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Rounding the Mark Paperback – July 25, 2006
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Top Customer Reviews
Before turning in for work Montalbano needs to clear his head, he decides to take a long swim in the sea, it might be relaxing, lost in thought and all too late he had swam too far, beginning to struggle he flips on his back just to catch his breath. Shortly thereafter he accidentally bumps into another swimmer he apologises but was getting no reply he quickly discovers to his horror the body was actually a corpse. Later that week when the autopsy report comes back the death of the unidentified man was listed as an accidental drowning; Montalbano knew better, something about this floating body didn't feel right.
With the body case chewing at his insides just to top his worst week Montalbano gets a call to take control of another boatload of illegal immigrants landing on their Sicilian shores. Montalbano sets about getting some organization in place, he notices a little African boy making a break from his family and gives chase; he takes the boy tightly by his hand and lively returns the boy to his mother the boy looks terrified.Read more ›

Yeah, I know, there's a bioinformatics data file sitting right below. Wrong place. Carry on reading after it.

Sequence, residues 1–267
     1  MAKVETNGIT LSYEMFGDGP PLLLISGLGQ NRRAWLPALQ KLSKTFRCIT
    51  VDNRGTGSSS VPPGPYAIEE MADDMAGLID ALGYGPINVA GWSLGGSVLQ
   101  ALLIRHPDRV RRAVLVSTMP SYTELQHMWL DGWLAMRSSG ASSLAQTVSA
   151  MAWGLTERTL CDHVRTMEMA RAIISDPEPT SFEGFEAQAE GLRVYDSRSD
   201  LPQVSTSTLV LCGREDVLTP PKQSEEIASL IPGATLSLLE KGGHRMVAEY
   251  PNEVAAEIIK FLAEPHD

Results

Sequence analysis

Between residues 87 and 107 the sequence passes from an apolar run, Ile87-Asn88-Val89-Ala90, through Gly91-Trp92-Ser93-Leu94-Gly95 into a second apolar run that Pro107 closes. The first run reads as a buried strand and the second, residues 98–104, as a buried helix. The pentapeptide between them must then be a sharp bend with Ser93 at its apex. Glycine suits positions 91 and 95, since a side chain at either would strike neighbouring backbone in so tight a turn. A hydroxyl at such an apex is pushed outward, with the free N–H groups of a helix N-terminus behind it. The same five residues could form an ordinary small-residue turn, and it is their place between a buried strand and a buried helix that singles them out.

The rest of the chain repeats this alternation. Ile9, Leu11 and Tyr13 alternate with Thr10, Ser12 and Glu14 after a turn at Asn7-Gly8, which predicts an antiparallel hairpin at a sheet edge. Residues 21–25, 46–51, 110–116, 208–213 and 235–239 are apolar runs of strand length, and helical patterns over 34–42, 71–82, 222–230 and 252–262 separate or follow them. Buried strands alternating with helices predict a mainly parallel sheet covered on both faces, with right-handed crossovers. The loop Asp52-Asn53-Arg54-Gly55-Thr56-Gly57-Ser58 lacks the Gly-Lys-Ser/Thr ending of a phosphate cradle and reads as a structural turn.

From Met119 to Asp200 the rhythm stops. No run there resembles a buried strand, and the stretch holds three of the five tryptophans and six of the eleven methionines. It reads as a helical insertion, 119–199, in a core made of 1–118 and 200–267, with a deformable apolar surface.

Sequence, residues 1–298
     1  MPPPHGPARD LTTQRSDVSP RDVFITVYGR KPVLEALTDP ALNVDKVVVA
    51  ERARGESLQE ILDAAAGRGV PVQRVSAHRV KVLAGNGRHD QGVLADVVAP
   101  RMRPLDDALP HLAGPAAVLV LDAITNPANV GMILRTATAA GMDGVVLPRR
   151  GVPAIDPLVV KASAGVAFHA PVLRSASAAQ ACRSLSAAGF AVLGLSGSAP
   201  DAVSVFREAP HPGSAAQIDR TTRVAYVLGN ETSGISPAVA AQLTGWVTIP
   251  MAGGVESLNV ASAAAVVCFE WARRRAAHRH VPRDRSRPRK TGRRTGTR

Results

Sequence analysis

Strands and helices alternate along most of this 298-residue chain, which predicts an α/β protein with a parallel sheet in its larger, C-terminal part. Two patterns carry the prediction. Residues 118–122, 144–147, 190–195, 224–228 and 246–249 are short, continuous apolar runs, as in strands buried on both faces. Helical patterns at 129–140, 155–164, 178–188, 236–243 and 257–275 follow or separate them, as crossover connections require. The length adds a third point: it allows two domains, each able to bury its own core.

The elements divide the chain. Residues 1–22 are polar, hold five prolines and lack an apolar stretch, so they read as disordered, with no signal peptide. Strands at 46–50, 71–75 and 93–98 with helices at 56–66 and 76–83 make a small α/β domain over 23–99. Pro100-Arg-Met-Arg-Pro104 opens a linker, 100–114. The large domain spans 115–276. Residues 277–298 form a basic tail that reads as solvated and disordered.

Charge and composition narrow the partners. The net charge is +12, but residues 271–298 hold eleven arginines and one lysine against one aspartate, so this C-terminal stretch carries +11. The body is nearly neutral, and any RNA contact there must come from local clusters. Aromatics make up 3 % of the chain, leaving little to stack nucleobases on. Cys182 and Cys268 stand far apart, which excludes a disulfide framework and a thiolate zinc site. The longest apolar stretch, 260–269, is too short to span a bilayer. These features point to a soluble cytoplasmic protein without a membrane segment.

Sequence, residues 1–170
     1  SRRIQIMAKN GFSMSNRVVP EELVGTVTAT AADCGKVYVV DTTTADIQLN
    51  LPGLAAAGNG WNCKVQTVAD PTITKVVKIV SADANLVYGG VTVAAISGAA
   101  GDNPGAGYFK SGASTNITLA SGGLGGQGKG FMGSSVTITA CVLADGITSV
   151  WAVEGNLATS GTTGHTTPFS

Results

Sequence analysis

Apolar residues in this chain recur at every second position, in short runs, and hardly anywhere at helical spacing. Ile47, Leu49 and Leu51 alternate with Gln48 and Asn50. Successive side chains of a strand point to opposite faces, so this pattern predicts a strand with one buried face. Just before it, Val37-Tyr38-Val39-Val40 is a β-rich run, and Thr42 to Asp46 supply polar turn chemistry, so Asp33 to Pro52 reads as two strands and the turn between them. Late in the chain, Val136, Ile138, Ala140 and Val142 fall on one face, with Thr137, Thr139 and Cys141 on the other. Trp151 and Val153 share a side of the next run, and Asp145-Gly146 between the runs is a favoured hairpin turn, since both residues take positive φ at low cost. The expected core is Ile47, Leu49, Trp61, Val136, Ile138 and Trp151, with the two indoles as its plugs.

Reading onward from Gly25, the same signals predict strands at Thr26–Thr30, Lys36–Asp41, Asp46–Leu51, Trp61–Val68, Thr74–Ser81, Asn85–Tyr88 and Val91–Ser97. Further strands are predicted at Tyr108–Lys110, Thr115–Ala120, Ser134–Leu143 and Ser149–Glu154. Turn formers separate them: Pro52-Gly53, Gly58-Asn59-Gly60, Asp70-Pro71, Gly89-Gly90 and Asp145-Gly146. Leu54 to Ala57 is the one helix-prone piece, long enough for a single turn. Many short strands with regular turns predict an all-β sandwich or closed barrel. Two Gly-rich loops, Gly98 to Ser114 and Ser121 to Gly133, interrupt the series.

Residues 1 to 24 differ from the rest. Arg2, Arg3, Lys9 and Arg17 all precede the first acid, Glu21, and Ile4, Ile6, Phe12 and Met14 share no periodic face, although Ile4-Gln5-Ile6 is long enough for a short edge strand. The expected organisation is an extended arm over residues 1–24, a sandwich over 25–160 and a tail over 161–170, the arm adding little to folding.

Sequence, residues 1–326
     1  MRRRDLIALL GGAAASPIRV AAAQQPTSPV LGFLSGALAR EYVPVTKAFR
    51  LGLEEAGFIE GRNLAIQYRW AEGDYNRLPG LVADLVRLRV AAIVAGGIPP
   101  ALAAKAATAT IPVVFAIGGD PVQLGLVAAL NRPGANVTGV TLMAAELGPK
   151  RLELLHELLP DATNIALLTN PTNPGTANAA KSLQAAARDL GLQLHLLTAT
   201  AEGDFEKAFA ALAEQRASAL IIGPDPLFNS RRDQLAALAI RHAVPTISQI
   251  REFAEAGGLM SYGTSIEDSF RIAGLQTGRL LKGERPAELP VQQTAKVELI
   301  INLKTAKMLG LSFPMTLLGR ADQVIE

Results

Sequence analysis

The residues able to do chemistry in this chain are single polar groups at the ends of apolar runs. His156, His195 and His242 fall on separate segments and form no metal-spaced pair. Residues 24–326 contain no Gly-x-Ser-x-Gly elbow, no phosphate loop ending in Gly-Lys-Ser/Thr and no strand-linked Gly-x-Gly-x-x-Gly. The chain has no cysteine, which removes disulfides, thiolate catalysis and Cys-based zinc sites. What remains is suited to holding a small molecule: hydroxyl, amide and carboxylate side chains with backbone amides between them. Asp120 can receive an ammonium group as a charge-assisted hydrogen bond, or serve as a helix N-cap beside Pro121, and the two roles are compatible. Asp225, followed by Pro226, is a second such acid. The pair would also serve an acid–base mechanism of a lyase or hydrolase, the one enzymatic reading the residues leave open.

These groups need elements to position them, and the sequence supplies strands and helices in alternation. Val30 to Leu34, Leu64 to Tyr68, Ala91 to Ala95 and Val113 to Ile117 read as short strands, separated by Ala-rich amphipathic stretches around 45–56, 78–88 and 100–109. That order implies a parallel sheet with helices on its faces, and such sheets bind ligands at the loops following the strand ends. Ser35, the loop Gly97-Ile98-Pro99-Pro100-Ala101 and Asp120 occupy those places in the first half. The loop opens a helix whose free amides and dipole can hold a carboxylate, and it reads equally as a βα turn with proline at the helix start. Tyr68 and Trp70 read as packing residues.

_Rounding the Mark_ is maybe a little less integrated than some of the novels--the novel begins with Montalbano's disgust at the corruption of his fellow cops to the point where he is about to resign, and it seems that corruption and the resignation will be a big deal, but they are pretty much forgotten as the plot gets underway. Other reviewers have complained that there's not enough fast-paced action in Camilleri's works, but this one heats up better than most by the end.
Camilleri is a master at characterizing people through their dialects. I wouldn't have thought that could come out in translation, but Sartarelli gets it across. And the endnotes are a godsend, especially in making clear just how much money is involved so as to clarify its motivating power. Then, too, there are lovely local customs like "goat-tying" explained. Sicily is a scary place!
Reading this sort of makes me miss the movies, which are (at least in my memory) lighter. Sunnier. Funnier. This is a sad story about a dreadful event.
Most Recent Customer Reviews
If you've never read Camilleri, you need to be warned. He is addictive, and "Mark" is like mainlining him. One of the best of I don't know how many in the series. Read morePublished 4 months ago by Donald R. Emery
love this book. Camilleri has a wonderful way of telling you a story and describing characters. Especially the charismatic detective Montalbano. Read morePublished 8 months ago by Osvaldo Q
Camilleri has the annoying habit of ending some of his stories by dropping everything. It's the new fad in novels and very convenient for the writer. Read morePublished 8 months ago by Maia
A bit heart-wrenching but unfortunately very realistic, just love Montalbano and the regular humor in each bookPublished 13 months ago by Patricia